However, these agreements did not achieve the expected impact. In just over two years, by August 2018, only 15 credits equivalent to 5.577 million COP were granted, none of which were applicable towards the extraction of precious metals. As for the support from opening bank accounts, 29 savings accounts were opened for mineral sorters (scrap metals) and 21 payroll accounts in the department of Cauca. Finally, the monetization of currencies — indispensable for exporting — was only granted one account in the department of Antioquia, which was canceled by the same bank months later. As a result of this experience, it was also evident that for the gold ASM the difficulties are more prevalent.
Due diligence of the financial system
From the perspective of the financial sector, it is important to comply with the recommendations from the International Financial Action Task Force (FATF). They address the effective implementation of legal, regulatory, and operational measures to combat money laundering, terrorist financing, and the financing. of the proliferation of weapons of mass destruction, as well as other threats to the integrity of the international financial system.
According to this and the legislation applied by the Colombian government to ensure compliance, banks must perform due diligence of the potential client before establishing business relationships and continue to examine the transactions carried out throughout the relationship. Added to this are the additional measures and actions of due diligence applied specifically for clients, politically related activities, or for merchants of precious metals and stones.
In order to carry out these processes, a broad and specific understanding of the mining and commercialization sector of precious metals is required. This allows us to understand their formalization schemes and the risks that their activities run during each phase of the supply chain. However, the negative image of the mining sector regards human rights, money laundering, and environmental destruction among others. These issues conjoined with the limited knowledge about the mining financial sector and lack of accessible and reliable sources of information make bank compliance complicated when they assess the risks of a mining-related entity.
If the financial institution cannot meet the client’s due diligence requirements by using a risk-based approach, it cannot open the account, start business relationships, or conduct transactions, and should consider making a suspicious transaction report with the UIAF. In this scenario, the risk aversion of financial institutions when working with the gold mining sector is too high, creating barriers that are difficult to overcome. In addition, the Colombian legal system permits all individuals the principle of the autonomy of private will and the freedom to contract, thus giving full freedom to choose for whom they provide services.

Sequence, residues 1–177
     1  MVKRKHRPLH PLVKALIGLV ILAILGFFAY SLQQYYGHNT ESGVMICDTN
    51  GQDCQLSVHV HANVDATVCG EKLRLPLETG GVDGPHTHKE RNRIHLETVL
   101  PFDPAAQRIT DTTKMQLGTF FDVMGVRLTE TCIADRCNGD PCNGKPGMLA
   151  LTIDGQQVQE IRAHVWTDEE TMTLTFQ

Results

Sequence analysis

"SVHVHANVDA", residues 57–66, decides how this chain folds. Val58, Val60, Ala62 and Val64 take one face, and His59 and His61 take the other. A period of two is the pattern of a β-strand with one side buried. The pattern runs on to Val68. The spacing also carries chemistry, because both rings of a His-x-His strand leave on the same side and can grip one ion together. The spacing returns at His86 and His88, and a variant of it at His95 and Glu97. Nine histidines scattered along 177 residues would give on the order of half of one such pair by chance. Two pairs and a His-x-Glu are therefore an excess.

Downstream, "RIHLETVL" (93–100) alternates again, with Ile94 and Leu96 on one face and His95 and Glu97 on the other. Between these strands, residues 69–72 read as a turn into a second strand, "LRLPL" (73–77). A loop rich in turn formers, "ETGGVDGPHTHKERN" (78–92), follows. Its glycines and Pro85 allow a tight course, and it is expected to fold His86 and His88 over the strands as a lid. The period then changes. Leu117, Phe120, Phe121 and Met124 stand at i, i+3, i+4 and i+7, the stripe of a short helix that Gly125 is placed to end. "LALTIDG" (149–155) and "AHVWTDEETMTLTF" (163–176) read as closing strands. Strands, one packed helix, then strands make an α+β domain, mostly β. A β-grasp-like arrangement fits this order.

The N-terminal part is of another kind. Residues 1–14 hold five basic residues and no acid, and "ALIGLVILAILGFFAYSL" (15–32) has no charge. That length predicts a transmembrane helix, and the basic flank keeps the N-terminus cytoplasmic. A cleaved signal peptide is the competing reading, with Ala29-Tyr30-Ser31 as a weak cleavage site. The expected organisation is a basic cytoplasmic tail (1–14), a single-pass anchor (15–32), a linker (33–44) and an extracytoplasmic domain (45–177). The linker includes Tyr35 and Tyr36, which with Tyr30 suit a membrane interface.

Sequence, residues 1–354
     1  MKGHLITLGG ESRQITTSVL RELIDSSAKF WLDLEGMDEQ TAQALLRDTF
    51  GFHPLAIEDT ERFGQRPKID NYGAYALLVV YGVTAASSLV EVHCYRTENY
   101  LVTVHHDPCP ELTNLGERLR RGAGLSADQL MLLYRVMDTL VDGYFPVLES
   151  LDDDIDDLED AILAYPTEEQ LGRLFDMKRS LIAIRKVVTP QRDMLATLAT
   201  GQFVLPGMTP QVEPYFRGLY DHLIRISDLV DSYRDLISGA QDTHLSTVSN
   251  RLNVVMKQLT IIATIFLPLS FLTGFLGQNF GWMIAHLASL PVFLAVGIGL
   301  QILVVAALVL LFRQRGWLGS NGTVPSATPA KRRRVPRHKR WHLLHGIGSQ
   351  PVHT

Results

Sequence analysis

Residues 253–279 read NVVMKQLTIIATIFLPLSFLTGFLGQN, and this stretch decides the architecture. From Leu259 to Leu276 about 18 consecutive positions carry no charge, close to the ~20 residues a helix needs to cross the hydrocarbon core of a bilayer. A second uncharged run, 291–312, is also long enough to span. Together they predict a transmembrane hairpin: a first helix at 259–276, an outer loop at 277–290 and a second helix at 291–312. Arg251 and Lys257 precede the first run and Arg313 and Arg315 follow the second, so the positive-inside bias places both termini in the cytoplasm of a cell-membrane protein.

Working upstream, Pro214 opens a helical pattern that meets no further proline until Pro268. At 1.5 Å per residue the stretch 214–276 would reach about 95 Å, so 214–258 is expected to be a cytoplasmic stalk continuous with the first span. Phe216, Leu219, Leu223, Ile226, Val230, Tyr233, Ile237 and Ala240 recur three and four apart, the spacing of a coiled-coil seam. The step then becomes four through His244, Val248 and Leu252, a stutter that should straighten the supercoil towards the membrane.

The Financial Superintendence of Colombia, responsible for providing preventive and timely protection to the financial consumer, has limited capabilities. Within the framework of functional competencies assigned to the Financial Superintendence of Colombia enshrined into the Law, it is not permitted for the Supervised Entities to establish, maintain and/or cancel commercial, financial, stock, or insurance contractual links with certain individuals. Thus granting the freedom to choose and decide which of them they will enter into commercial relations with. According to this, as long as the financial entity presents an objective reason for its decision, it has the right and duty to deny the service.
However, this principle is restricted and has been maintained by both the Constitutional Court, in Judgment SU 157 of 1999, and Law 1328 of 2009. Said freedom is limited (i) by the specific nature of the activity being provided; (ii) due to being the credit and savings instruments necessary to guarantee the rights of individuals; (iii) by the constitutional prohibition of abusing one’s rights; (iv) by the principle of prevalence of public interest; (v) by the validity of the solidarity principle and (vi) by the ethical requirements of good faith.
Maria José Murillo is an International Business Professional from la Universidad del Tolima y Magister in Social Responsibility and Sustainability from la Universidad Externado de Colombia. During her time as a professional, she has focused on topics related with the commercialization, formalization, and exportation of artisanal and small scale mining in different Latin American countries. She has worked with the ASM sector for 4 years.
Currently she is responsible for the Alliance for Responsible Mining’s supply chain and is a member of the Foundation’s Board of Directors.